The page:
Indeed, the Pentagon has been engaged in a delicate dance around climate adaptation for months: Shortly after Mattis’ remarks became public in March, President Trump formally rescinded all climate-related federal agency actions adopted by the previous Obama administration of President Barack Obama, claiming they “unduly burden the development of domestic energy resources.” The canceled orders included DoD directive 4715.21, adopted in January 2016, which sought to reduce military-installation vulnerabilities identified in the Pentagon’s 2014 climate change roadmap.
While Niemeyer’s GAO response indicated that the DoD is currently “revising” that directive, a Pentagon spokesman hinted last September that the DoD would continue focusing on the threat of climate-caused extreme weather, regardless of the politics around the issue. “As Secretary Mattis has said, the department evaluates all potential threats that impact mission readiness, personnel health and installation resilience, then uses that information to assess impacts and identify responses,” Pentagon spokesman Lt. Cmdr. Patrick Evans told Military Times in September. “The effect of a changing climate is one of a variety of threats and risks, but it’s not a mission of the Department of Defense.”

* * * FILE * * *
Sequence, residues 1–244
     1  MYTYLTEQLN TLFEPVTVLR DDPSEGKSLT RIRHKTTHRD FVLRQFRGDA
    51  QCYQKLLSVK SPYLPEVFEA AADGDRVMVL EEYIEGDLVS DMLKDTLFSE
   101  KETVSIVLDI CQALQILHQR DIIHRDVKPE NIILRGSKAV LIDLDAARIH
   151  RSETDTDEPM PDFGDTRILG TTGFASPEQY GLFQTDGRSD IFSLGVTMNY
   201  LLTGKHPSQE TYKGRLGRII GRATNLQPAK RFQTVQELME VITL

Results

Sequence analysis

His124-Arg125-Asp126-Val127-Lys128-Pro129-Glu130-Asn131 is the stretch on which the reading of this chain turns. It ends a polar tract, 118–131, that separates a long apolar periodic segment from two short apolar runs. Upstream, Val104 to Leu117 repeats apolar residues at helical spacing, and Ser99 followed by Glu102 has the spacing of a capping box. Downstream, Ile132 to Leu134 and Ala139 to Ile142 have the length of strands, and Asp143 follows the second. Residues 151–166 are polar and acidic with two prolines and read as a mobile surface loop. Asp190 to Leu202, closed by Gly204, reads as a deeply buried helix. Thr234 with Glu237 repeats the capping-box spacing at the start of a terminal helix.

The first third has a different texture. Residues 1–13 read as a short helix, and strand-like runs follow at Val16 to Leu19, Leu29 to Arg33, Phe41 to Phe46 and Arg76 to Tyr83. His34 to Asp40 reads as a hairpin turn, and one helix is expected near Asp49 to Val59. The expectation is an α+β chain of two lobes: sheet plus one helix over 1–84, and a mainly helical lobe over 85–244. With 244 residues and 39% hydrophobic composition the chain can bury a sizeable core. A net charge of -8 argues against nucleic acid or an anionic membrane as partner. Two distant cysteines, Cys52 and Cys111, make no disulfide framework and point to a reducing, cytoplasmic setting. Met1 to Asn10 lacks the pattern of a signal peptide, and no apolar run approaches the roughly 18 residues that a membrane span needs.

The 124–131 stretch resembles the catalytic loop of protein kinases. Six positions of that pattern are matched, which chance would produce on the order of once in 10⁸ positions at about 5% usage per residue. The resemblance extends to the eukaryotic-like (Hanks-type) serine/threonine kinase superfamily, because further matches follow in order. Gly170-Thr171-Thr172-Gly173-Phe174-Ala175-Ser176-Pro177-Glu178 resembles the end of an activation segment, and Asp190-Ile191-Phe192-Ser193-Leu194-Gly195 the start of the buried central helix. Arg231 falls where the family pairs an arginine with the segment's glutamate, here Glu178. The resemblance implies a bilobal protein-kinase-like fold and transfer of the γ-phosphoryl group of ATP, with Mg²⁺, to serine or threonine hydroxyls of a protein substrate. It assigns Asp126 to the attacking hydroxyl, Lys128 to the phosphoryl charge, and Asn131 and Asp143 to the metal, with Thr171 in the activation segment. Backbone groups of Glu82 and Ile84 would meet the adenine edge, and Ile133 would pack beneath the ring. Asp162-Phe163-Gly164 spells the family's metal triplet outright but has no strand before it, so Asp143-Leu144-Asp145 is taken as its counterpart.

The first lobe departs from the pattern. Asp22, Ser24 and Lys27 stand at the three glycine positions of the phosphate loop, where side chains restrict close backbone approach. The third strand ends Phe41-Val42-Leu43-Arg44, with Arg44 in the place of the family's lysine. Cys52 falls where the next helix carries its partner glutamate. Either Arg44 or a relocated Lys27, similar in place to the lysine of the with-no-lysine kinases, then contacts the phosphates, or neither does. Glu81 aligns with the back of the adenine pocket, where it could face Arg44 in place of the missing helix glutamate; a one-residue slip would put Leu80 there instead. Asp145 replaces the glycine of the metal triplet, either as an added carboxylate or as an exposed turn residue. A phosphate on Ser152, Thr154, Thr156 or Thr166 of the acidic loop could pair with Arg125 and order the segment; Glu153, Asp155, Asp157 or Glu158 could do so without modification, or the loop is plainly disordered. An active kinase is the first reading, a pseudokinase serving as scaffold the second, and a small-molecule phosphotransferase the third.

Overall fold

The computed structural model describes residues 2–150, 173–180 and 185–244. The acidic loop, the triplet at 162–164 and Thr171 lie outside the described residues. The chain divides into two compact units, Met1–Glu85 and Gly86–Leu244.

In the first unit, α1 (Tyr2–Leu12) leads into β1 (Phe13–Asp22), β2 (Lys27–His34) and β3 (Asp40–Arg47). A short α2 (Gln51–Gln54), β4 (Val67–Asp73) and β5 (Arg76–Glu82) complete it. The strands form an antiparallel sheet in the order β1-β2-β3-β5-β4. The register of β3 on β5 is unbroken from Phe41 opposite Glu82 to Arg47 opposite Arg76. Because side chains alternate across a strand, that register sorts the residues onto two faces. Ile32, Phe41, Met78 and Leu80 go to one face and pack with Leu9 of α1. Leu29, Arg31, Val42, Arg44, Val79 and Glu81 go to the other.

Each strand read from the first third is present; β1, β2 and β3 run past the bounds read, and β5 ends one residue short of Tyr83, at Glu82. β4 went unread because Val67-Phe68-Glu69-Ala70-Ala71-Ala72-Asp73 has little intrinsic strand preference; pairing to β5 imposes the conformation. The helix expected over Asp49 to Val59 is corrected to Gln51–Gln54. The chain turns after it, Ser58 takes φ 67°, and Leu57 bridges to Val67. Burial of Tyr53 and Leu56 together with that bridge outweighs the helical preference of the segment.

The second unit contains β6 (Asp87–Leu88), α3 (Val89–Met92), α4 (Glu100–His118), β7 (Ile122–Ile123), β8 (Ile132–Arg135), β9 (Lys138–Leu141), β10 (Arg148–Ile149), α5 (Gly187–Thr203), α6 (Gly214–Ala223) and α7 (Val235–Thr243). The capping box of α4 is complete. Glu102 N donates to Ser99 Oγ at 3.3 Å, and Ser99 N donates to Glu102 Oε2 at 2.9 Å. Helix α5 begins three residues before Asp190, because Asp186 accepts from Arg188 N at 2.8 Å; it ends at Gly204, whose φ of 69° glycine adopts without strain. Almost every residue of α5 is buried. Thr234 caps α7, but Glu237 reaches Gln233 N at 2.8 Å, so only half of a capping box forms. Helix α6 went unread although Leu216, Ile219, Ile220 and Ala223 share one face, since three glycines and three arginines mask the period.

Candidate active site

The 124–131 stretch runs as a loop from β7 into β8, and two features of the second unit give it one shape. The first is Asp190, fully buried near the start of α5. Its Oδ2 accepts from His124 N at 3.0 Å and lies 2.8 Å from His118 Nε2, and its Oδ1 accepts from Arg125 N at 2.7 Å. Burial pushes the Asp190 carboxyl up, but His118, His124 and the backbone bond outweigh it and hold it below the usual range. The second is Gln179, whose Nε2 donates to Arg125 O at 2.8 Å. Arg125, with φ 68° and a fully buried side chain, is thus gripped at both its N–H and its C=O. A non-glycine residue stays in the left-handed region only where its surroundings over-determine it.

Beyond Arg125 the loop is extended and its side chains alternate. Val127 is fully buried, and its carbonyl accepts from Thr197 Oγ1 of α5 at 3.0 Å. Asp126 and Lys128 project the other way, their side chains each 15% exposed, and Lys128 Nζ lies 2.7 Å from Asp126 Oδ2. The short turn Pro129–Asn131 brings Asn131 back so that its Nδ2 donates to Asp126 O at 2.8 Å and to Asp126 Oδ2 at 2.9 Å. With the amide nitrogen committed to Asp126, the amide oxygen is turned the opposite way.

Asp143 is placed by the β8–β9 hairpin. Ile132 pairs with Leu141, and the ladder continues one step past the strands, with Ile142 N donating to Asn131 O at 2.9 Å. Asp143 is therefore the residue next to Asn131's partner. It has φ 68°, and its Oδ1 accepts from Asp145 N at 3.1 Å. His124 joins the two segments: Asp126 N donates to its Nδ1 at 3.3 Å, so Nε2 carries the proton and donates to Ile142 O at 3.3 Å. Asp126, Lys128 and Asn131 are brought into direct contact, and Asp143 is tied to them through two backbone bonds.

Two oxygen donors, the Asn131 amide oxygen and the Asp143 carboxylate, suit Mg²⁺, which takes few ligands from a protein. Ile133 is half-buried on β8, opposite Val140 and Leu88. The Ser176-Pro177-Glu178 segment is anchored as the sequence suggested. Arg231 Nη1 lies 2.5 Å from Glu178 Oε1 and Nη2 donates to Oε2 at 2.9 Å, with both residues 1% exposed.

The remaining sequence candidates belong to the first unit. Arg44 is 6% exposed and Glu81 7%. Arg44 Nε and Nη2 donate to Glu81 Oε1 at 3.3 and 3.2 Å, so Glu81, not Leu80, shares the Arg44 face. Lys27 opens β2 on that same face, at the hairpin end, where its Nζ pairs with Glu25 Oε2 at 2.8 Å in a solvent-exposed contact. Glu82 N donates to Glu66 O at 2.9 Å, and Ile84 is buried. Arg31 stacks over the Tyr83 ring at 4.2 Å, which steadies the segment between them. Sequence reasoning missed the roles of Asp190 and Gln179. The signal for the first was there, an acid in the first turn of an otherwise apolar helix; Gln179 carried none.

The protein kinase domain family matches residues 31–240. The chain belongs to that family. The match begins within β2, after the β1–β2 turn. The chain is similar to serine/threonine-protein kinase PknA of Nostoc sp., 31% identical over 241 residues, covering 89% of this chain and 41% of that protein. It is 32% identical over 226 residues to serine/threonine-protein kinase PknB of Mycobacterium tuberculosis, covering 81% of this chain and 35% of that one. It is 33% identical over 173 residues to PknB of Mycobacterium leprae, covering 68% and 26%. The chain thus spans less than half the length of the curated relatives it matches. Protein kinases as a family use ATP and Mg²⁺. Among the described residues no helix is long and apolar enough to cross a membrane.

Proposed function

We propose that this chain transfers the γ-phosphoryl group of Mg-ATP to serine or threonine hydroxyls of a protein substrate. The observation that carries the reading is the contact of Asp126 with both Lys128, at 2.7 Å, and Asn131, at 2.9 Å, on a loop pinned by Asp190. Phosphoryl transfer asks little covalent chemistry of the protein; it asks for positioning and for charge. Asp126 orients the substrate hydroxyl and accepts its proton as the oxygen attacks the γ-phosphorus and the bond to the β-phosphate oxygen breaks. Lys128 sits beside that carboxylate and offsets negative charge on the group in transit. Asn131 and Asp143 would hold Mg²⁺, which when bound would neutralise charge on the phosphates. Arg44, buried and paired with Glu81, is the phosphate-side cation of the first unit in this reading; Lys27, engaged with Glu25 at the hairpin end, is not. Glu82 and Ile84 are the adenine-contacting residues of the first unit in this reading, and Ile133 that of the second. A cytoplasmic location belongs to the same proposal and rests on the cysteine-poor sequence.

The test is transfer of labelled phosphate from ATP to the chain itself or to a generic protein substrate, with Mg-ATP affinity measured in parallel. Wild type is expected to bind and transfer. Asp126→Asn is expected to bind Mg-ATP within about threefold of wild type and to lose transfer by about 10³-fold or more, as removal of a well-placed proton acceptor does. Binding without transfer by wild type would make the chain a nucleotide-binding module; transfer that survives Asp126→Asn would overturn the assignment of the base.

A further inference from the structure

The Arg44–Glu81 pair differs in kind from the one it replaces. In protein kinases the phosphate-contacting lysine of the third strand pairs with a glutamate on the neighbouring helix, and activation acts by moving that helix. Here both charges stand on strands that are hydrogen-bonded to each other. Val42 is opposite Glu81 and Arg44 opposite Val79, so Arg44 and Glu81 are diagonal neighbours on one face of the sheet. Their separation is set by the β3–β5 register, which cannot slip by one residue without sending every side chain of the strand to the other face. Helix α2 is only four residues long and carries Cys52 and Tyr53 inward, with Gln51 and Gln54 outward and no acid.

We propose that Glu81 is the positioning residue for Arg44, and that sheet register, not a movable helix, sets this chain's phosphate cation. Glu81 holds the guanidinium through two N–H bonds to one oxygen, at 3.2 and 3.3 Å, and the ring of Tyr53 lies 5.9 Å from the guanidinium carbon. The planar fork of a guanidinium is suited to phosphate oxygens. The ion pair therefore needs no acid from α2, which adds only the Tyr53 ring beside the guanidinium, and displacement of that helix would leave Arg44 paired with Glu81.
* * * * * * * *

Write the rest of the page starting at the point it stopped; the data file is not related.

Translation: We don’t care about the why of natural disasters, just the what, and we won’t stop preparing for extreme weather. Sure, it’s a weird game of linguistic gymnastics, but it gives the Pentagon wiggle room to look at the national security impacts of climate change — in other words, its job — regardless of the political climate at home.
It seems likely that DoD’s official response to the GAO report is not an about-face: Rather, it’s a strategic dodge designed to keep the Pentagon focused on preparing for both the man-made and natural threats facing America. And while the GAO report is right to point out how hampered the DoD is — as always — by organizational and bureaucratic challenges, it also suggests that Mattis is making good on his promise, despite the political obstacles that may lie ahead in 2018.
Read the full GAO report below: